Blade Recruitment Health & Safety Policy

Blade Recruitment recommendations for common safe working practices of Health & Safety in the workplace: H&S is everyone’s responsibility. We take our responsibilities seriously & ensure as far as reasonably possible that we advise & inform to ensure the health, safety & safe working practices of all temporary contract workers. This guide should be read, understood & followed by all contract workers before they start an assignment. 


We will ensure that we do not send you to any assignment that you are not competent to undertake, we provide all the relevant information prior to accepting any assignment. We work with clients that have similar ethics.

Additionally, we would ask that you refuse to undertake any task that may jeopardise your health & safety or the health & safety of others. It is also your responsibility to provide & wear personal protective equipment where required & we would draw particular attention to safety footwear which must be worn on all assignments as mentioned.

It is Blade Recruitment policy to provide & maintain a safe & healthy working environment as is reasonably practical at all places where the Company’s employees or third parties, using those facilities under our influence or control. The company goals of client satisfaction & profitability are not in conflict with good safety practices & the Company is of the belief that a good safety record is of benefit to its business.

The maintenance of a safe & a healthy environment safeguards people, is vitally important & our most important asset. All relevant statutory requirements will be complied with & are considered as the minimum standard & where reasonably practical will be exceeded to meet the spirit of the Company’s policy.

It is Management’s duty to ensure staff & temporary contractors are informed & receive appropriate, adequate Health & Safety training, that tasks are allocated to staff capable of fulfilling them, in a manner that is safe to themselves & others. Staff members & contractors are required to understand their responsibilities & duties & carry them out with diligence & priority.

It is Company policy to assess potential risks & through good organisation, planning & communication, minimize those risks & apply protective measures to ensure the health and safety of everyone. The removal of risk is the primary goal & implementing protective measures where not possible. Every individual is duty bound to act in a safe manner.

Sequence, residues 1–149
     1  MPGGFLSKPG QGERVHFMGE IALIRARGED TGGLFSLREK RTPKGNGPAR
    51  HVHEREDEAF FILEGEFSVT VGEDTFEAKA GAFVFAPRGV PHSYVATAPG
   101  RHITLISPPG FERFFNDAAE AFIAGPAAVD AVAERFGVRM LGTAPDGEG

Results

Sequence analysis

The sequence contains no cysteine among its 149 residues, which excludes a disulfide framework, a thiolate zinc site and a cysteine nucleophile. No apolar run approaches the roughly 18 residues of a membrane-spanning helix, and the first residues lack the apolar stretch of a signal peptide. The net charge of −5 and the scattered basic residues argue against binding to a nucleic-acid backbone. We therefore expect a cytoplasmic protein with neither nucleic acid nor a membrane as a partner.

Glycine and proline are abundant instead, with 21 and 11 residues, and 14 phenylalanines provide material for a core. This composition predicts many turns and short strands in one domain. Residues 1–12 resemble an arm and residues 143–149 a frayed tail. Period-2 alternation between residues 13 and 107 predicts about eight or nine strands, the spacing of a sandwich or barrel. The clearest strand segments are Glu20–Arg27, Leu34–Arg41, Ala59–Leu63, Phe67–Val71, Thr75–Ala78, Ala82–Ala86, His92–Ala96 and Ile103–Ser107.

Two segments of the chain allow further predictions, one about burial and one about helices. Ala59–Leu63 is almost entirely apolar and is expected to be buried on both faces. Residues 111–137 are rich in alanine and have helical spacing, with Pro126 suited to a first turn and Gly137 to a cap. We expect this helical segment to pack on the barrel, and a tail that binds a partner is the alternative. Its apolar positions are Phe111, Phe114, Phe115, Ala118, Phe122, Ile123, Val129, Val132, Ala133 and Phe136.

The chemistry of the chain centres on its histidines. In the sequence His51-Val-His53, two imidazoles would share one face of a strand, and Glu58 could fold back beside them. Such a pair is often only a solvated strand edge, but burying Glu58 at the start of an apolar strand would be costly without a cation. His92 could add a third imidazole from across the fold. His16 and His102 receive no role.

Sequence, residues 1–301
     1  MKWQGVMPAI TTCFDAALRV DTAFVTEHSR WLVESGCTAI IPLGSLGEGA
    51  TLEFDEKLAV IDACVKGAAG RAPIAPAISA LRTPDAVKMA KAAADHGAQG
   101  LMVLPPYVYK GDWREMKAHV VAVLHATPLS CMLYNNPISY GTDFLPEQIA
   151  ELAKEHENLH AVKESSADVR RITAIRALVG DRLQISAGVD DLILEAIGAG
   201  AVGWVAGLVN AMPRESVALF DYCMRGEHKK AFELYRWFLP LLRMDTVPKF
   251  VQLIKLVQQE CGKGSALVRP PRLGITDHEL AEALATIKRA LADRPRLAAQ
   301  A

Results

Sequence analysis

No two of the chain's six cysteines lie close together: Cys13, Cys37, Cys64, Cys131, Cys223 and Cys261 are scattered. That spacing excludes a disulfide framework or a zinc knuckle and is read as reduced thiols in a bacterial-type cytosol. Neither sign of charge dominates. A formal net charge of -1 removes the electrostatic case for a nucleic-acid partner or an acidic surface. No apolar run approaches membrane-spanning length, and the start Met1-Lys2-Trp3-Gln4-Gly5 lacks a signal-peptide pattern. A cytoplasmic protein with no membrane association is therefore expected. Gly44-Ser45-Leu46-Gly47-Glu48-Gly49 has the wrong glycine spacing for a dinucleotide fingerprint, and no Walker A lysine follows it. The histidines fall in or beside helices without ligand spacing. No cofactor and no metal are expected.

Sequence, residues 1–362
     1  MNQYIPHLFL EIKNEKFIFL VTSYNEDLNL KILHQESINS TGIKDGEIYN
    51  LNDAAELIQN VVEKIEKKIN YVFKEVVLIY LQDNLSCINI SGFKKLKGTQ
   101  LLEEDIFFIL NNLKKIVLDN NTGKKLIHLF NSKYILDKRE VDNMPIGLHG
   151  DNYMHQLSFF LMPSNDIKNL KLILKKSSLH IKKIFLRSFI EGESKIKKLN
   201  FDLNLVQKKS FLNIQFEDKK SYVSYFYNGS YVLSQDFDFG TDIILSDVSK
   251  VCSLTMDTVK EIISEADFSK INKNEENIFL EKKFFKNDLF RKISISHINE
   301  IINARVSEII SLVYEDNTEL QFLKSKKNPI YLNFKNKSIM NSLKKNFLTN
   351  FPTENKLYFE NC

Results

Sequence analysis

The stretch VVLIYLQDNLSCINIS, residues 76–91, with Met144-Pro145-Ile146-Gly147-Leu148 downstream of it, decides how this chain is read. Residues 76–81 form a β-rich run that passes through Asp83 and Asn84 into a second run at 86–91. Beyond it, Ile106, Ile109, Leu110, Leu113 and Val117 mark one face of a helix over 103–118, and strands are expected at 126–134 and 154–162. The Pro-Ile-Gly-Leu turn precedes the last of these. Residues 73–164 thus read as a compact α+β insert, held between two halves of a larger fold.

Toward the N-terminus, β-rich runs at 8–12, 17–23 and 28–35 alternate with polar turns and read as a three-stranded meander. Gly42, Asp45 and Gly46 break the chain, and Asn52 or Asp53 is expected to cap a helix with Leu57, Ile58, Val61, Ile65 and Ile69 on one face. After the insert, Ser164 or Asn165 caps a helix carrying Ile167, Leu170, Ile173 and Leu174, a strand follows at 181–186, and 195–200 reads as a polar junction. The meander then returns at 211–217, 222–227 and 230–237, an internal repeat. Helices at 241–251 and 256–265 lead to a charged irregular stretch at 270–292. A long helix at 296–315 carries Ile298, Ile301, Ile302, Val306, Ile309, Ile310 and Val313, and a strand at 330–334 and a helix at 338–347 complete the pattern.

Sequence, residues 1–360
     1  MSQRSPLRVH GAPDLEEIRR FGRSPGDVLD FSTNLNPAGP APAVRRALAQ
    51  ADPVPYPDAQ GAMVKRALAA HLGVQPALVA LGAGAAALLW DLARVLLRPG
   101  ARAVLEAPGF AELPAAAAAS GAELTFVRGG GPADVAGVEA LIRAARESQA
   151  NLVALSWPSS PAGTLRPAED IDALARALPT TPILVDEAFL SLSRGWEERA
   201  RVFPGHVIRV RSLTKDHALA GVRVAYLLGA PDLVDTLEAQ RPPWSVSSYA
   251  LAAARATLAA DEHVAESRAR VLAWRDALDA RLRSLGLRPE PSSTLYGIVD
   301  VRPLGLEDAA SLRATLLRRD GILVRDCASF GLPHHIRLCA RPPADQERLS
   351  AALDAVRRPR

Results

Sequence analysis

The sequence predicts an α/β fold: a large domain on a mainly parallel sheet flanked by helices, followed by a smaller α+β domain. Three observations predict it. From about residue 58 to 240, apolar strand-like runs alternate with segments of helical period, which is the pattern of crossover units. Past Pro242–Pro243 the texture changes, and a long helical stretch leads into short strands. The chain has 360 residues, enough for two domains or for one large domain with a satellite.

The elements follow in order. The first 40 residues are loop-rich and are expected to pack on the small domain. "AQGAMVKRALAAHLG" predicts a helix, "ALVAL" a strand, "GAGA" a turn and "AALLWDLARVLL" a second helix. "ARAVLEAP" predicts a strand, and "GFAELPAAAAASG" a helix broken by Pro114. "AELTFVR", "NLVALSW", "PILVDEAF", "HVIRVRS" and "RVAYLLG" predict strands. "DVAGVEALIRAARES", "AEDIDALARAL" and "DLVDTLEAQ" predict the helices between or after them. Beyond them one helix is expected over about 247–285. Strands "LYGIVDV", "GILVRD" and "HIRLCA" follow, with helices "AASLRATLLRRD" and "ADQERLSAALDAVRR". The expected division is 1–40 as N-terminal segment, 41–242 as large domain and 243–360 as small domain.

No staff member, contract employee or sub-contractor must knowingly endanger themselves, their colleagues, staff members of other organisations or members of the general public by their own acts or omissions. The Directors of Blade hold ultimate responsibility for the Health & Safety Policy & for ensuring its effective implementation. Additionally they will ensure:

1. The Company & our Clients’ policies (as applicable) are implemented to ensure effective risk control.
2. Staff & contract employees have sufficient understanding of & implement relevant statutory regulations.
3. Risk assessments are conducted & arrangements made to minimize risk.
4. Staff are able to obtain expert advice from specialists to assess & manage risks as necessary.
5. Safe working methods are adopted with specific instructions as necessary.
6. Staff & contract workers have the skills & are suitably trained to perform their work in a safe manner.
7. The correct equipment for the performance of a task is available & in a safe & serviceable condition.
8. Staff & contract workers are familiar with the company safety policy & procedures specific to their work.

1. Identify potentially unsafe situations or working practices and notify management.
2. Ensure that they do not perform a task that they believe is dangerous or for which they have not received appropriate instruction, training or equipment to perform the task safely.
3. Work in a safe manner in accordance with safety instructions where applicable.
4. Use the proper equipment supplied for a task and use personal protective equipment where provided.
To work effectively, this Policy requires the total support of everyone. No one can avoid their personal responsibility for working in a safe manner and ensuring that others do likewise.

Common safe working practices

A. A manual Handling Operation is any transporting or supporting of a load, including the lifting, lowering, putting down, pushing, pulling, carrying or moving, by hand or by bodily force. Picking up & carrying a toolbox, or a step ladder, or even picking up a screwdriver, or hammer, or a set of stocks, is manual handling, just as unloading & positioning a boiler might be. Anything from the extremely light to something requiring your maximum strength is included.

B. Manual Handling accounts for a large number of accidents each year & many millions of ‘days off’ are due to back & other injuries. Once someone’s back has been weakened by injury it is often a recurring problem for the rest of that person's life. 

C. All Manual Handling Operations are governed by the Manual Handling Operations Regulations. Employees have a duty to make full & proper use of anything provided by an employer in connection with manual handling. This includes following any advice & training given on lifting etc. 

D. An employers duties can be summarised as – Avoid the need for manual handling wherever possible. Assess the risk. Reduce the need by providing mechanical aids. Train staff in good Manual Handling techniques.

1. Think before lifting! Is it heavy (above 5 Kg)?,  is it large or awkward, where is the centre of gravity?, can you manage it alone?
2. Use the strong muscles & bones of your legs, not the complex & vulnerable ones in your back.
3. Make sure you have a firm grip of the load & that you can sustain the grip for the duration of the lift. Wear industrial gloves to improve grip & protect hands from sharp edges.
4. Make sure you know where you are going to put the load & that the way is clear of obstacles & not slippery. The load must not impede your forward view.